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Wrapping Up in Baton Rouge 

Jeremy Alford's Top 5 policy issues that Louisiana legislators punted to next year's session

As state lawmakers entered their final weekend of the session, tensions ran high and confusion sometimes reigned. At one point, Sen. Bodi White, a Republican from Livingston Parish, misidentified all three of the Senate's African-American women. He did it with a slight country twang from behind the mic, chasing it with a few giggles upon being corrected.

  Sen. Karen Carter Peterson of New Orleans, chairwoman of the Louisiana Democratic Party, didn't think it was funny. She took the mic next and explained who was who. "I know some people think we all look alike," Peterson said, before storming off. White, for his part, left the matter alone, not to be heard from again.

  Meanwhile, in the House, things got ugly over a proposed breakaway school district for southeast Baton Rouge — legislation sponsored by White. As the debate gave way to the final vote, Rep. Pat Smith, D-Baton Rouge, accused supporters of using House bills still pending in the Senate to hang over the heads of those straddling the fence.

  She said "threats" had been made to coerce lawmakers into voting for the measure — a serious accusation — but in the end, White's bill didn't have enough votes to pass. Despite Smith's melodrama, other opponents of the measure let the matter be, knowing the session would end soon. The proposal failed in a vote Friday.

  There are other issues, however, that lawmakers won't be able to just leave alone. These are issues that either were ignored by lawmakers this session or simply will demand more attention next year.

  Here are the top five legislative leftovers:

   Retirement — To help craft his proposed (but only partially successful) retirement reforms, Gov. Bobby Jindal paid $400,00 to Buck Consultants of New Jersey. The contract doesn't end until summer 2013, meaning Jindal may try again next year. So will the measure's opponents, especially if court challenges don't pan out.

   Vouchers — Free tuition at private schools for students at failing public schools was another cornerstone reform for Jindal. Opponents feared there wasn't enough accountability, and their fears proved well-founded when it was revealed that 315 vouchers went to a Ruston Bible school that has no classrooms, teachers or computers.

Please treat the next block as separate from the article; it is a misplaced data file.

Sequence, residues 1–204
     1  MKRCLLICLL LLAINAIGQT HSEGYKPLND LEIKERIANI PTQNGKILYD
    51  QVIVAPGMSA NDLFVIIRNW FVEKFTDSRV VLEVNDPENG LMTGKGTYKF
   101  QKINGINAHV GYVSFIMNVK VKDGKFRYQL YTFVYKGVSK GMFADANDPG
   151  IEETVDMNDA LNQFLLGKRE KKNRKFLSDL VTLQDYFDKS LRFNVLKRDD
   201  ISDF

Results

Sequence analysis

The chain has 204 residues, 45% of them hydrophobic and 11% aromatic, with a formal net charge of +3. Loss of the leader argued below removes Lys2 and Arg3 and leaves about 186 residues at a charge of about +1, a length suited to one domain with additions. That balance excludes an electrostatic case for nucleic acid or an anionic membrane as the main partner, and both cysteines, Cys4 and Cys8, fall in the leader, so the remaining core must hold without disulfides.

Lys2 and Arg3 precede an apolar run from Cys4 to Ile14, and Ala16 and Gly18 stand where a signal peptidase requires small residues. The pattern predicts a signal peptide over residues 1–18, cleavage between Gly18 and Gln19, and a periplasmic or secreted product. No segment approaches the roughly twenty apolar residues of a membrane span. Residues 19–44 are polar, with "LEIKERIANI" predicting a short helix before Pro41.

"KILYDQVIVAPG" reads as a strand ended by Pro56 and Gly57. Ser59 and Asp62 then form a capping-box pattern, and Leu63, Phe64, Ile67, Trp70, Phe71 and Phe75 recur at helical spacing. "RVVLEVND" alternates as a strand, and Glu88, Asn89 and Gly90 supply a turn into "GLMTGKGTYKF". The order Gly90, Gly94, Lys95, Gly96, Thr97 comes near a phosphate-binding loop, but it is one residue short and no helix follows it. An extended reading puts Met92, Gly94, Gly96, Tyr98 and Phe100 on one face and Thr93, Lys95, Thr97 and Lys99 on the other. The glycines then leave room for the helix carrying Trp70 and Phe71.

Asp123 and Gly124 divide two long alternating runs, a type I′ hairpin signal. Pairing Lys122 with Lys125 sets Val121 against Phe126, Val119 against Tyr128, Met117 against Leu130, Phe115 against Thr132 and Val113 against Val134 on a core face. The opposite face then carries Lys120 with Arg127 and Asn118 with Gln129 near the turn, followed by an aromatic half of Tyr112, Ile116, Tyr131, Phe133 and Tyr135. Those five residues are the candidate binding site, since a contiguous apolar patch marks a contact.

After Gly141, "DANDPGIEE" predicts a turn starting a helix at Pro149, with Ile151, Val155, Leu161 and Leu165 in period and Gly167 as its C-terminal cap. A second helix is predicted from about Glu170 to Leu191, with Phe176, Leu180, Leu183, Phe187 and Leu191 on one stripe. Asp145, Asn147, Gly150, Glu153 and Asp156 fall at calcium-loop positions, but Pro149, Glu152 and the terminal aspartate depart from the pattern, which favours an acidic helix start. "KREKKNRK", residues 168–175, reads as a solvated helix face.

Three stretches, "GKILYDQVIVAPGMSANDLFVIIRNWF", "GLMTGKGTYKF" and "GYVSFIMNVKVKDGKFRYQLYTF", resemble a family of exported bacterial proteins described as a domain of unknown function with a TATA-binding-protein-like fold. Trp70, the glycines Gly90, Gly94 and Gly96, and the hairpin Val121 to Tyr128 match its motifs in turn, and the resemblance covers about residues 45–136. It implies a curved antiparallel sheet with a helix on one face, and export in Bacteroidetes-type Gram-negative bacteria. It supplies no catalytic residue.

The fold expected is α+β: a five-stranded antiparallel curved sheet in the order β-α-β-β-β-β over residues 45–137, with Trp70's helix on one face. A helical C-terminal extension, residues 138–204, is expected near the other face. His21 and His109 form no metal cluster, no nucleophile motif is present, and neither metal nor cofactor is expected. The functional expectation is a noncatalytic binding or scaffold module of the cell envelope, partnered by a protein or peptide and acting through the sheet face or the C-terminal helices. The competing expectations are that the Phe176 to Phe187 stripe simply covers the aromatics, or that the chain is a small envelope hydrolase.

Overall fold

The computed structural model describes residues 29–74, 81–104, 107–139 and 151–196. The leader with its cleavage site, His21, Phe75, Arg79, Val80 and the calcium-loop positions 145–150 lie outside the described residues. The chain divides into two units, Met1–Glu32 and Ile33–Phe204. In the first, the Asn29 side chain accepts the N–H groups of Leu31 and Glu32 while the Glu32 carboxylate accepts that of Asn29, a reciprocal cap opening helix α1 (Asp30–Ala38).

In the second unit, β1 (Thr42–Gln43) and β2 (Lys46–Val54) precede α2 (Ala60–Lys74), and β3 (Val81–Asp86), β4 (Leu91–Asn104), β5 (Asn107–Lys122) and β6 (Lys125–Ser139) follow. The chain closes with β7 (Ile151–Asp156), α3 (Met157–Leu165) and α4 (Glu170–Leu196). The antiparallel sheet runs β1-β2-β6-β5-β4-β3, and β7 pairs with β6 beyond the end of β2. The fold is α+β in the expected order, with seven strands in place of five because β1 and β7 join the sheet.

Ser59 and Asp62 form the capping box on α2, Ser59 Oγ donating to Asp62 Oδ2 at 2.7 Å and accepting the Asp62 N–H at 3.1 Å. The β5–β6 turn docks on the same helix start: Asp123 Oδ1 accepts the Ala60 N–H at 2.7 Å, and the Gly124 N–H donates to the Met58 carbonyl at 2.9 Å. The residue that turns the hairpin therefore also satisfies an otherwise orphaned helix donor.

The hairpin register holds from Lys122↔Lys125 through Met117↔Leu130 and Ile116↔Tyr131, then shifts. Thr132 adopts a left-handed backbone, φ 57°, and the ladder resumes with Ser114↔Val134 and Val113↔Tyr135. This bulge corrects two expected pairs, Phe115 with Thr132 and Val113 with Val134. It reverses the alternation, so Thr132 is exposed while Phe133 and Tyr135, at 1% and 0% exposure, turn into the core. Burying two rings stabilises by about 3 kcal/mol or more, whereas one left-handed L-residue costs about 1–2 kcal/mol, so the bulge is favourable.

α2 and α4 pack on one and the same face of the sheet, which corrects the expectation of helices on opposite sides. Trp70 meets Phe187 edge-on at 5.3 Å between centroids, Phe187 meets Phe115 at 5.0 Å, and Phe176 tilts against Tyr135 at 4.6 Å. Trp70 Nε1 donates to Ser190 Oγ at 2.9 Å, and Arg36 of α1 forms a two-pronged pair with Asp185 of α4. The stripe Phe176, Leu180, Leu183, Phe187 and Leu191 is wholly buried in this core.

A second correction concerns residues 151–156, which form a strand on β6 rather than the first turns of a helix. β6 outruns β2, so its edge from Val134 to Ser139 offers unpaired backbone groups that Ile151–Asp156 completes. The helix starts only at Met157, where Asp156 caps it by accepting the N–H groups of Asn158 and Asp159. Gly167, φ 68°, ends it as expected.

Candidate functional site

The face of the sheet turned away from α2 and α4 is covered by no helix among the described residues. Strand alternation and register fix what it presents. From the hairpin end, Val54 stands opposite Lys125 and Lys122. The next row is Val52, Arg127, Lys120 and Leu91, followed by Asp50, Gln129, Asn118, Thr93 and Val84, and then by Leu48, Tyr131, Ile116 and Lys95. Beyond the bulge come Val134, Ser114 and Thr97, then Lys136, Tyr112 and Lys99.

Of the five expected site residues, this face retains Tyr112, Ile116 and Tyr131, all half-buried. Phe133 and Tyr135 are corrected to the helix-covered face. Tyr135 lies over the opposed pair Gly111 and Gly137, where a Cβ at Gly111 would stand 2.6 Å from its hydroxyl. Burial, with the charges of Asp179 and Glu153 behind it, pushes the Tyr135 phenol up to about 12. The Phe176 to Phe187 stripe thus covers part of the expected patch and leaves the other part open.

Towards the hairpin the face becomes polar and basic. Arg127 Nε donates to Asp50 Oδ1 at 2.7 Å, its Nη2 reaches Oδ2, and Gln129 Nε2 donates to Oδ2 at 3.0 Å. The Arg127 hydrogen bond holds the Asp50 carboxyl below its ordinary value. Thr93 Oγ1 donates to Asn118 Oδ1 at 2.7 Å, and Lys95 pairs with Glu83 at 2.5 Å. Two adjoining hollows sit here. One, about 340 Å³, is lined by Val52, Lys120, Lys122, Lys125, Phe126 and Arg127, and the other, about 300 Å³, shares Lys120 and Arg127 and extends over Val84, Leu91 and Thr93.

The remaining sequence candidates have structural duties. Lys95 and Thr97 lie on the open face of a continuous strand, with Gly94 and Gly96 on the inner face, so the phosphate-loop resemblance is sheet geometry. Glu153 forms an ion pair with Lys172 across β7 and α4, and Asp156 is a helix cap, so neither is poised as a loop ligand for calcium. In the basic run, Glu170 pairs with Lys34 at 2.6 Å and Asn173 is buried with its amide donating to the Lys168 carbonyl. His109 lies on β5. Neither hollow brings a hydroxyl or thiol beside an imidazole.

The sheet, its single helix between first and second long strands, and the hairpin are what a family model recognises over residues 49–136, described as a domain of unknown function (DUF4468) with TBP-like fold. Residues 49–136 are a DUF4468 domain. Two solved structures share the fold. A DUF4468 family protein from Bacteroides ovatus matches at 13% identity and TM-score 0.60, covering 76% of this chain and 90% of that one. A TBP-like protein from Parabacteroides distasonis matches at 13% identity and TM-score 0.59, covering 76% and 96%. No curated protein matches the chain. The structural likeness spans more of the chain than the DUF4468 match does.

One-time monies — It often takes a while to unravel the annual operating budget, but the issue of using one-time monies for recurring expenses is now a perennial dustup between the House and Senate. The House takes a hard line on the issue; the Senate is more flexible. "This is a discussion we're going to be having for years to come," said Senate Finance Chairman Jack Donahue, R-Mandeville.

   Privatization — Commissioner of Administration Paul Rainwater opposed cuts to contracts and positions this year, arguing the reductions could stand in the way of Jindal's future privatization plans. As for what those might be, Rainwater was mum. Based on Jindal's proposals this year, "privatization" will be the administration's mantra for the rest of the governor's term.

   Taxes — Last fiscal year, Louisiana could have collected $10.8 billion in taxes. A wide range of exemptions kept collections to $6.5 billion. This was why some lawmakers were rankled by Jindal's push to give the New Orleans Hornets a $36.5 million tax break. They resolved to study the issue.

  It should be noted that the 2013 session will be "fiscal only" under the Louisiana Constitution.

  Things could change if Jindal becomes vice president. Some conservatives say he's worthy of Mitt Romney's nod. Some even say this year's session was Jindal's audition for the job. While some issues may change or tamper down a little, the governor's national ambitions will not. That's something that's always on his plate.

Jeremy Alford is a freelance journalist in Baton Rouge. Email him at jeremy@jeremyalford.com. Follow him on Twitter: @alfordwrites.

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